About the National High School Center
Linking Research and Resources for Better High Schools
Download the National High School Center Brochure
This brochure provides an informative and concise overview of the National High School Center.
The National High School Center serves as the central source of information and expertise on high school improvement for the Regional Comprehensive Centers (RCCs).
Millions of high school students - particularly those with disabilities, with limited proficiency in English, or from low-income backgrounds - need additional support in order to succeed. To address this challenge, the National High School Center promotes the use of research-supported approaches that help all students learn and become adequately prepared for college, work, and life.
The National High School Center identifies research-supported improvement programs and tools, offers user-friendly products, and provides technical assistance services to improve secondary education.
The National High School Center draws on the American Institutes for Research's (AIR) extensive experience operating national technical assistance centers, the knowledge its experts have gained by conducting large-scale evaluations of prominent high school reform efforts, and effective tools and resources it has developed in various projects.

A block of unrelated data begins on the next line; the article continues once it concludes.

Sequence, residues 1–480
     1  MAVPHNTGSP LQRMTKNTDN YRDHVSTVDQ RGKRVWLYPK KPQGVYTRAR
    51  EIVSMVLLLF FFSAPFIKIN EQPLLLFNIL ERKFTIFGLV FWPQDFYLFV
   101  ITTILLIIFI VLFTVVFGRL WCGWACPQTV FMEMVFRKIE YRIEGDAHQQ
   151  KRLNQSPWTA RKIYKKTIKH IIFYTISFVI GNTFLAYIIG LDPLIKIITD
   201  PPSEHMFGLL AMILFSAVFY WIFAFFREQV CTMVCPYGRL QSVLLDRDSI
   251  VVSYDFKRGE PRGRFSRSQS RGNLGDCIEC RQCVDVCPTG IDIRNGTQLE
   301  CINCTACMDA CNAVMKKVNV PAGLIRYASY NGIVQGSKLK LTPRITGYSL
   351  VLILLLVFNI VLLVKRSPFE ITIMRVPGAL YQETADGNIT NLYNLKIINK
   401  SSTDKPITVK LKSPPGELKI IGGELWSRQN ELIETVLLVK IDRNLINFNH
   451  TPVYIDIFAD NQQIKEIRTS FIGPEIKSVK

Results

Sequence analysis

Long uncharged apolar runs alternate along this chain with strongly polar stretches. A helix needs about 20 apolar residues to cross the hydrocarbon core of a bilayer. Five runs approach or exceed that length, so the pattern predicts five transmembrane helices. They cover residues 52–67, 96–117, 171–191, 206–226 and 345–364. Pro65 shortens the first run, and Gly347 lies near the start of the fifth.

The National High School Center is part of a national network of Content and Regional Comprehensive Centers funded by the U.S. Department of Education to help build the capacity of states across the nation to effectively implement the provisions and goals of the Elementary and Secondary Education Act (ESEA). The National High School Center is one of five content centers covering a spectrum of topical areas especially relevant to NCLB and school improvement.
AIR subcontracts with several other leading education research organizations including Learning Point Associates, MDRC, the National Center for Educational Achievement (NCEA), Quill Research Associates, LLC, West Wind Education Policy Inc., Consortium on Chicago School Research, and WestEd.